Re: Reviewing the Web Audio API (from webrtc)

On 4/17/2012 9:51 PM, Chris Rogers wrote:
> On Tue, Apr 17, 2012 at 5:23 PM, Randell Jesup < 
> <>> wrote:
>     So it sounds like to modify audio in a MediaStream you'll need to:
>     * Extract each track from a MediaStream
>     * Turn each track into a source (might be combined with previous step)
>     * Attach each source to a graph
>     * Extract tracks from the destination of the graphs
>     * Extract the video stream(s) from the MediaStream source
>     * Combine all the tracks back into a new MediaStream
>     This is a lot of decomposition and recomposition, and a bunch of
>     code to add in almost every instance where we're doing anything
>     more complex than volume to a MediaStream.
> It sounds like a few lines of JavaScript even for this case of 
> multiple audio tracks per stream.  And I would expect it to be 
> desirable to split out the separate tracks anyway for individual 
> processing.

I doubt you'd apply different filters to the different tracks very often.

> But is it usually the case that a MediaStream will contain multiple 
> audio tracks?  It was my understanding that in many cases there would 
> be a single audio track per stream.  Surely this will be the usual 
> case with local input from getUserMedia().  And in a tele-conference 
> scenario wouldn't there be multiple MediaStreams coming from different 
> peers, each usually having a single audio track?  Perhaps I 
> misunderstand the most common cases here.

No, that's the common case - but you'll need to write the code for the 
general case or it will break whenever there is a stream with multiple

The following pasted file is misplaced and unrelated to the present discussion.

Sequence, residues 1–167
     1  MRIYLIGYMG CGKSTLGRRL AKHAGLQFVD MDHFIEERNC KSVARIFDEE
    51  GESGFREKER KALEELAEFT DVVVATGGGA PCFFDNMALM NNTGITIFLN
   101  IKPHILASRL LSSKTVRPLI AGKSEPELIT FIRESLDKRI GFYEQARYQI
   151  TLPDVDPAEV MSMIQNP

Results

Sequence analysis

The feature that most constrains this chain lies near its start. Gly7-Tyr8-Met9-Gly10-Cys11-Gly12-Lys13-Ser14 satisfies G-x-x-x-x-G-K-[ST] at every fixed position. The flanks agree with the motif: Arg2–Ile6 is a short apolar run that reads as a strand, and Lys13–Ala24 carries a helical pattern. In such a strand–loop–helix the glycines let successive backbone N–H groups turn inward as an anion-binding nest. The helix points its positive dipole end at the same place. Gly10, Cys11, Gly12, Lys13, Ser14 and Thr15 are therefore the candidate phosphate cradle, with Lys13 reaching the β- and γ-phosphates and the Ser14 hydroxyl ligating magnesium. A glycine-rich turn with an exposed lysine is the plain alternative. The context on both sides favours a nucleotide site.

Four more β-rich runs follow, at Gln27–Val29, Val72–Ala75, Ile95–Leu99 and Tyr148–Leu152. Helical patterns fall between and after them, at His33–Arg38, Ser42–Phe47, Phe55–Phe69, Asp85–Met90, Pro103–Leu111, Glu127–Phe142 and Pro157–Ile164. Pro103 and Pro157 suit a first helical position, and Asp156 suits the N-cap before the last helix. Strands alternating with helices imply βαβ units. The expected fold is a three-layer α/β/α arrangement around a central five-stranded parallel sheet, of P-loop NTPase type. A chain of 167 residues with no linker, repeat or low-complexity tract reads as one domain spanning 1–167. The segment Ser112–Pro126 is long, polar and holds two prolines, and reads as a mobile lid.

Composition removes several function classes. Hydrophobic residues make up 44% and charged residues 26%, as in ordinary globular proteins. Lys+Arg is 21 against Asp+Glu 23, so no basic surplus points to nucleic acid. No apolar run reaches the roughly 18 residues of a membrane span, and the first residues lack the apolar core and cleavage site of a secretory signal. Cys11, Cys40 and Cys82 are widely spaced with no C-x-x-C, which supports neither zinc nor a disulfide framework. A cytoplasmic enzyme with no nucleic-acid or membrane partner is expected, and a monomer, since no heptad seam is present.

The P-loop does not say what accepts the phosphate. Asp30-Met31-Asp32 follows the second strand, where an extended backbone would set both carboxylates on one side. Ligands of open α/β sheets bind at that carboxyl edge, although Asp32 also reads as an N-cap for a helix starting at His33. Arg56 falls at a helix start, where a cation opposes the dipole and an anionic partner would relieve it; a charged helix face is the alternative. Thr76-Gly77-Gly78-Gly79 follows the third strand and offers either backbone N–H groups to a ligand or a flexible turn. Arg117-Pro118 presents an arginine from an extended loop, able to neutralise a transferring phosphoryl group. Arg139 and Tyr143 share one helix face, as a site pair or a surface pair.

tracks, which would then make multiple tracks an effectively unusable 

>     On a separate note, while not directly applicable to Audio, I'll
>     toss my personal opinion in that we want a unified framework to
>     process media in (audio or video).  We've already seen lots of
>     people modifying the video from WebRTC and from getUserMedia()
>     (from silly antlers to instagram-like effects, etc), and we know
>     they'll want to do more (face tracking, visual ID, QR code
>     recognizers, etc), and running everything through a <canvas> is
>     not a great solution (laggy, low performance, stalls main-thread,
>     etc).
> I'm sure we can make performance improvements to our graphics/video 
> presentation APIs and implementation, but this need not be shoehorned 
> together into our audio processing architecture which has its own 
> unique set of stringent real-time constraints for games and 
> interactive applications.  Well designed and well-factored APIs can be 
> used together in powerful ways without creating monolithic 
> architecture which can overly generalize concepts unique to specific 
> media types.

Sure, but I have to say this seems like a very powerful and logically 
consistent approach.  And honestly we need an API for processing video 
Real Soon Now, and I see no other pathway to getting one.